Sunday, 6 March 2011

Traditional Breton Clogs

I have been fascinated by clogs, or wooden soled shoes and boots for most of my life. In the 1970s when I was at school, my pride and joy were a pair of very fashionable black Swedish clogs that my marvellous Mother scrimped and saved to buy for me. They were stolen from my locker while I was doing PE on the first day I wore them. I was heartbroken.

When I first started to buy French textiles, I sometimes came across clogs, and have now started to buy them whenever I see a pair that interests me. The first type shown here are unworn child’s Breton clogs, most likely dating somewhere around the late 19th to early 20th century, they are very small, and would probably fit a small 8-10 year old. They would have had a ‘tread’ applied to the sole and heel before being sold, so I think they must have come from a clog-makers workshop. They are beautifully made from tough brown leather with wooden soles and heels made from one piece. They are similar to English Northern clogs. They are made as boots with brass eyelets and brown laces.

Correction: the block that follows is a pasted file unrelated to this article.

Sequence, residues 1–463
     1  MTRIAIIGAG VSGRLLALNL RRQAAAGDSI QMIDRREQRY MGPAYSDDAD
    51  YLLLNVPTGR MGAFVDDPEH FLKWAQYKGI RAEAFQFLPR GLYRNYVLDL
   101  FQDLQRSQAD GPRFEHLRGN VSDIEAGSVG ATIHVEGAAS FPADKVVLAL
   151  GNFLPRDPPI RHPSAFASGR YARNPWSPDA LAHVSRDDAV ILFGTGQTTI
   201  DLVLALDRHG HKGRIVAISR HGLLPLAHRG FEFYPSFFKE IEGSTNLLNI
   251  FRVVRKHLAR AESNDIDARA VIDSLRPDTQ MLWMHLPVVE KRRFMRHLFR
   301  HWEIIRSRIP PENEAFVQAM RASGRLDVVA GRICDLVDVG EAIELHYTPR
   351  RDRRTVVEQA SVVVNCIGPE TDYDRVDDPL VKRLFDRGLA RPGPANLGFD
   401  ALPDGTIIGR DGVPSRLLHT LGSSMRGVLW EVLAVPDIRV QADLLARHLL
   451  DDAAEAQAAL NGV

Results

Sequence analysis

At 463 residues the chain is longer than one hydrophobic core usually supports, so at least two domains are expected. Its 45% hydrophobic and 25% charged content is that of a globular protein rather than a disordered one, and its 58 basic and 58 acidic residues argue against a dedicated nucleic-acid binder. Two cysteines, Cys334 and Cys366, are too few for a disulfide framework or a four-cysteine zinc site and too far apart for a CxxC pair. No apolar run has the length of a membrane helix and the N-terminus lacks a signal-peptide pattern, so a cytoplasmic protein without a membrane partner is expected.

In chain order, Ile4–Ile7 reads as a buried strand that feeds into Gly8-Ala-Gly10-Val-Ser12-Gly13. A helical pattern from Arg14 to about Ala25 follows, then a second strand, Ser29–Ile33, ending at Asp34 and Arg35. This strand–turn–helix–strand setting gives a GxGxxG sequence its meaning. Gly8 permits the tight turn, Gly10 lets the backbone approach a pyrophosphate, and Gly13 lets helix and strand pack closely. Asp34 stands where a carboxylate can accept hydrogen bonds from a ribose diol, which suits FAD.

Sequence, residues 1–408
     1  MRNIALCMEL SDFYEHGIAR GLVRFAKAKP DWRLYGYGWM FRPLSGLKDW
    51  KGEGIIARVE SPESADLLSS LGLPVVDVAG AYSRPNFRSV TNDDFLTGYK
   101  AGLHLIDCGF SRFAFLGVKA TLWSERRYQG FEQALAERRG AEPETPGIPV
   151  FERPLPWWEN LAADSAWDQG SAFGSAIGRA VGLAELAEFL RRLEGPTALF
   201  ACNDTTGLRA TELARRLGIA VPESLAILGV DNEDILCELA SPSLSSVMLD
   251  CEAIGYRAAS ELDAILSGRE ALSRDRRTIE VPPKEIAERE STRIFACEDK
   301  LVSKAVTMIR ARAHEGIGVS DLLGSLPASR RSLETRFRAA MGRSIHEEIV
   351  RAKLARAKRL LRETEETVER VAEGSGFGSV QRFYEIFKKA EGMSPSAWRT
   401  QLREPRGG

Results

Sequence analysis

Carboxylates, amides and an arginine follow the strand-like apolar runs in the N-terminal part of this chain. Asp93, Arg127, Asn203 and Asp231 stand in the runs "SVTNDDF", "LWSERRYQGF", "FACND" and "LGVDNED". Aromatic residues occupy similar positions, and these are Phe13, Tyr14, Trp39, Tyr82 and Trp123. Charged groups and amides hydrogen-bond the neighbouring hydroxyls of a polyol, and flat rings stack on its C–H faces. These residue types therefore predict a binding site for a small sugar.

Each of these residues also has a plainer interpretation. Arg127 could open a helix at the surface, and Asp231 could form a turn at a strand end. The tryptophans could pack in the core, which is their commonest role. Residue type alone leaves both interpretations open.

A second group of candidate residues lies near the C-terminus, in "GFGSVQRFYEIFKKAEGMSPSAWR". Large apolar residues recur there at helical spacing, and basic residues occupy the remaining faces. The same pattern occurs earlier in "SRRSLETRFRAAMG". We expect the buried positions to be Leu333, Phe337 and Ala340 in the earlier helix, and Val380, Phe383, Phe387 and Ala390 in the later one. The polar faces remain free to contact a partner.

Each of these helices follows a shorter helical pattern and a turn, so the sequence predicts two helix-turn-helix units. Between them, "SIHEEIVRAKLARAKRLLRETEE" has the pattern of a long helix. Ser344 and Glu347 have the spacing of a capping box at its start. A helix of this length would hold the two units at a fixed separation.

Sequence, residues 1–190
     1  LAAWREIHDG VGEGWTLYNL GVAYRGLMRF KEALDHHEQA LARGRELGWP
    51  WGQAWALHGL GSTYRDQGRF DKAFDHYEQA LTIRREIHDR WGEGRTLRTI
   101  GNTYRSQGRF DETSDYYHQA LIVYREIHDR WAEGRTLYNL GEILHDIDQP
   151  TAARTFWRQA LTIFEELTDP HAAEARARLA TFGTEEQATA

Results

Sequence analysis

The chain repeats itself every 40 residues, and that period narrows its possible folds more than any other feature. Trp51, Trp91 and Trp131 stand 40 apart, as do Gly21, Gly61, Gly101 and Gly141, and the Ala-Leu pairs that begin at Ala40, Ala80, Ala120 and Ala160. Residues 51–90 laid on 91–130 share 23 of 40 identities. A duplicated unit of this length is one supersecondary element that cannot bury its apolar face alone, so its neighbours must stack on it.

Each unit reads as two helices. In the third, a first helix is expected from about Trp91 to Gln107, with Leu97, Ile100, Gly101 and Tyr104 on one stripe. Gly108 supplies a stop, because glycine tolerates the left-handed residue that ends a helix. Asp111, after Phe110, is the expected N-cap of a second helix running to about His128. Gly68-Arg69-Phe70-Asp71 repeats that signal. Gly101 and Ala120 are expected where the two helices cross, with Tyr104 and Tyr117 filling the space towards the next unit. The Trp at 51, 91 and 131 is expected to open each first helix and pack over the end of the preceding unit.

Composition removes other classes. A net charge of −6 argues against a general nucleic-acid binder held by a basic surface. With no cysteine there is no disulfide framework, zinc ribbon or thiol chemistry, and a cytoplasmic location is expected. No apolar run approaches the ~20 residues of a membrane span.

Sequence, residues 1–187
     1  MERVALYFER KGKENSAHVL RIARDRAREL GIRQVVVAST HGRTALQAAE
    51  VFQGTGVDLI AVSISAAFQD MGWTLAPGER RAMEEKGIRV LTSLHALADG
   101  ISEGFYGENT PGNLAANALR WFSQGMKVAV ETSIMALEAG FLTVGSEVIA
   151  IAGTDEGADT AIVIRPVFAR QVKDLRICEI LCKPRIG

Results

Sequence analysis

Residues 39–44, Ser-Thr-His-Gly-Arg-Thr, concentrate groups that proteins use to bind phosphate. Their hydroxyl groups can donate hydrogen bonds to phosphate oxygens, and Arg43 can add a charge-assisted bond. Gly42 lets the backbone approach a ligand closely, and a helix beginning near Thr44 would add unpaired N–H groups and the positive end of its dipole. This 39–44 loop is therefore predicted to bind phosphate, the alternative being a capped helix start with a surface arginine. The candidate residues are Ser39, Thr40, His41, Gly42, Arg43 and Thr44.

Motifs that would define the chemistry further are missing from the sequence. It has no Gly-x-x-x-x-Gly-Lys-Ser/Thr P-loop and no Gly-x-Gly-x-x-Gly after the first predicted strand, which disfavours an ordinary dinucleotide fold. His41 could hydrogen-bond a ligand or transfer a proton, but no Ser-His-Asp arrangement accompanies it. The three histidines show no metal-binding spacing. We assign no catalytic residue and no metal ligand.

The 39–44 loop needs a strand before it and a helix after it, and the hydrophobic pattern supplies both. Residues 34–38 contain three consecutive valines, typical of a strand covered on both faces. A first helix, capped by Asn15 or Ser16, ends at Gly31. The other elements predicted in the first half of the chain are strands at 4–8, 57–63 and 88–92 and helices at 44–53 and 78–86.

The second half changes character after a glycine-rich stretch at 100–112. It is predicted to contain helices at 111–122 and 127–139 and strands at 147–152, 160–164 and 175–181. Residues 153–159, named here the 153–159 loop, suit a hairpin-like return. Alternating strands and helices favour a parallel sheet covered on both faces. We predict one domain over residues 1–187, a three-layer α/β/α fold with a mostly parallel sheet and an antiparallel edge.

The other type of clogs I often come across are galoshes, or over-shoes, worn quite literally over the shoes to protect the leather from mud or rain. These two pairs are rather nice, made to imitate a smart pair of shoes, with brogue patterns across the toes, I imagine these were boy's clogs, or for a small man.

There are a few pairs of clogs for sale in my website.

1 comment:

  1. Oh what a sad story that your clogs were stolen when your mother so diligently saved for them. I love clogs too and used to have a pair many years ago. I laugh when I think that they made me feel "European" whenever I wore them.